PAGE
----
Nash juxtaposes this case study (and suspends the question of whether journalism can, in fact, be art) against an analysis of two works of non-fiction by I.F. Stone, regarded as among the greatest journalists of the twentieth century – one critiquing the US role in the Korean War and the other using available artefacts to revisit the events surrounding the ancient Trial of Socrates.
Nash proceeds to elicit frameworks (some presented as conceptual matrices) – drawn from Pierre Bourdieu, David Harvey, Henri Lefebvre, Michel-Rolph Trouillot and Gaye Tuchman – to identify key components of what might constitute journalism, including space, time, social relations and imagination. He treats as methodological challenges journalism’s purported shortcomings as an academically acceptable research output – the elusive notion of ‘news sense’, the focus on a present without context and the unquestioning dependence on powerful establishment sources.
The result is a novel and important contribution to the debate about the constituent components of journalism at its best.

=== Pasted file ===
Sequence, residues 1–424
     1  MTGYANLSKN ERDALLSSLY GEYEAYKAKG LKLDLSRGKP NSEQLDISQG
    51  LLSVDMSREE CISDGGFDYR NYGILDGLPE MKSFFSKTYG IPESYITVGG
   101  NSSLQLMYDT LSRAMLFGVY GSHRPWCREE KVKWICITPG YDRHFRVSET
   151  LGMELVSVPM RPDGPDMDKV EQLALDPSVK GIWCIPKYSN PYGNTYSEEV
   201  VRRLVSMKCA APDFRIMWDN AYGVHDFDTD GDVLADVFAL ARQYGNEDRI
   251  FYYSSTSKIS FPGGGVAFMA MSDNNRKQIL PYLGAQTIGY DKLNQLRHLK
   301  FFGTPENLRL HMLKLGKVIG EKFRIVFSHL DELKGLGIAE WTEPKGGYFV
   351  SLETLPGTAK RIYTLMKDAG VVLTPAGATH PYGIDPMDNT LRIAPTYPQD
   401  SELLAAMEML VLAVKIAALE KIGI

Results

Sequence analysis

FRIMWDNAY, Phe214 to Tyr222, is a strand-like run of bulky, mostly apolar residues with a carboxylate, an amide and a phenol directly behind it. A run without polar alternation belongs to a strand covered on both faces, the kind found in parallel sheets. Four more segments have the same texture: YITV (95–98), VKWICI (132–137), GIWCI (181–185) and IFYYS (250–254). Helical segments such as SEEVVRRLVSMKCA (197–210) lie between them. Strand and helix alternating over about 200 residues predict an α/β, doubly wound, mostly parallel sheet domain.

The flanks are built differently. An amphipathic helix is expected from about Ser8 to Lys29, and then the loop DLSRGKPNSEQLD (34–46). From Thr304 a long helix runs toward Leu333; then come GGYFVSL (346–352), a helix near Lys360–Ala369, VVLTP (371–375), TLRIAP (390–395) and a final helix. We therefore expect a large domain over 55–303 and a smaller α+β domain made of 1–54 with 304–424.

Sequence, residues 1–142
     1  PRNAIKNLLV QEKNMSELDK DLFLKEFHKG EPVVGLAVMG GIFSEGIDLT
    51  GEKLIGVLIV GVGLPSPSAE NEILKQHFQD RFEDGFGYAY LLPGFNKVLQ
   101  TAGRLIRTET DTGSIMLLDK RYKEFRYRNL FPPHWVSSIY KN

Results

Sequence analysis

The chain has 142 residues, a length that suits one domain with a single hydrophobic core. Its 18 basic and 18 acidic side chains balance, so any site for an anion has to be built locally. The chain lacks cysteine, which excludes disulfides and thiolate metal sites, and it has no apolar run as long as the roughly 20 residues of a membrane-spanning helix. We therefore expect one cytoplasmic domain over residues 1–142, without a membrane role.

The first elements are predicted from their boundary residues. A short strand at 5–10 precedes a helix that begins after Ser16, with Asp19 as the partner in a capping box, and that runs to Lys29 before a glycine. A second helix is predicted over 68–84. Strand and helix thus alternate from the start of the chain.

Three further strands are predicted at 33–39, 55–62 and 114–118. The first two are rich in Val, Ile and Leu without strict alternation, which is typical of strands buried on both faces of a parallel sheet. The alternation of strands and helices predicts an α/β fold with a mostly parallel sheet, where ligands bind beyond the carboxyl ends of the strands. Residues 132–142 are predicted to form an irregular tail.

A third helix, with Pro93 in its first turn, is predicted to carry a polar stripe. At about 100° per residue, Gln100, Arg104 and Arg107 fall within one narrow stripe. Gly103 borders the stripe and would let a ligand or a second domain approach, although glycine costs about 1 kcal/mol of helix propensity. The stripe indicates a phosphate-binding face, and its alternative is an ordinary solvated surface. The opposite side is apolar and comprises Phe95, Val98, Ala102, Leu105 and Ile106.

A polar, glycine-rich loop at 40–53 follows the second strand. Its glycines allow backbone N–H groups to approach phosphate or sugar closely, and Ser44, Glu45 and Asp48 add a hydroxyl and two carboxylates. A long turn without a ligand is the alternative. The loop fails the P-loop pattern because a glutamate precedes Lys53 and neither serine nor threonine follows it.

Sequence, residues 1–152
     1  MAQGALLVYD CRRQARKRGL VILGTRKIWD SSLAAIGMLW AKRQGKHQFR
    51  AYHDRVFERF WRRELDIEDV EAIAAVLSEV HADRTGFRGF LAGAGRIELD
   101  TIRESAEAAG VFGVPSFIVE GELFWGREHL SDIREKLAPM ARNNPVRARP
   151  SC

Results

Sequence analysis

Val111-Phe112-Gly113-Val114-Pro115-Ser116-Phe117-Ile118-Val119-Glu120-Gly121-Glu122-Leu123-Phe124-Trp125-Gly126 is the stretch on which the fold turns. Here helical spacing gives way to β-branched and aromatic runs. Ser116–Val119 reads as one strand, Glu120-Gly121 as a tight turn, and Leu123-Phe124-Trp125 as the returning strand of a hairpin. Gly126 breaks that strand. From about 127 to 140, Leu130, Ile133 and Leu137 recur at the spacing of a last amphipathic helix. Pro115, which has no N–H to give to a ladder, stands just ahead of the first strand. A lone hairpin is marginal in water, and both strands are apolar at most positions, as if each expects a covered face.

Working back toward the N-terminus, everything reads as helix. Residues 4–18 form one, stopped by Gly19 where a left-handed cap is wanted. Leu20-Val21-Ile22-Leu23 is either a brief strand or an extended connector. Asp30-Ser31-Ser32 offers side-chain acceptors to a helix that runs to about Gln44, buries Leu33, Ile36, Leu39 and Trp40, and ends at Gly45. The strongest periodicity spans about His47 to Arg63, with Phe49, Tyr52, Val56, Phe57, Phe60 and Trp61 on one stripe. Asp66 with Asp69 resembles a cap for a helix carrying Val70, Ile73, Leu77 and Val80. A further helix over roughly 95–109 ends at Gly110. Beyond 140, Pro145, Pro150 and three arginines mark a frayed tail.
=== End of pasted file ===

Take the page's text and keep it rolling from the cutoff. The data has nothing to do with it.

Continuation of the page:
‘News sense’ is that opaque quality, a sixth sense for identifying newsworthiness in a given set of facts that might make it a story – a facility journalists are meant to either possess innately or learn on the job. In Australian journalism education it was so closely identified with what it meant to be a journalist that Adelaide Advertiser cadet trainer Bob Jervis adopted it as the title of his leading craft-oriented journalism textbook in 1985.
Nash elevates this ‘nose for news’ beyond its trade school status by building it into “a theory that validated the reflexivity of what appears to be intuition” and links it to spatiotemporarity (p. 109). To do so, he invokes Bourdieu’s field theory and its incumbent concept of ‘habitus’ as a metatheoretical framework.
As predominantly a media law scholar, I am in awe of Nash’s command of the body of intellectual literature that backgrounds his argument – which he explains in his clear and erudite style and then weaves it meticulously into his model (not a ‘theory’, he insists) of what journalism truly is.
In an era of technologically, economically and culturally disrupted journalism, Nash might have found more room to flesh out the important question of journalistic identity – in both the form of self-identity of those who practice journalism and the acknowledgement of others (peers and audiences) that the work produced is indeed journalism. Self-identity involves journalists’ self-labelling as ‘journalists’ rather than as historians, artists, strategic communicators, PR practitioners or sociologists. It was a crucial distinction between the two main protagonists in his study – Haacke who produced works of ‘journalism’ but who identified as an artist, and Stone who identified as a journalist but produced incisive historical and political analysis yet eschewed the academy.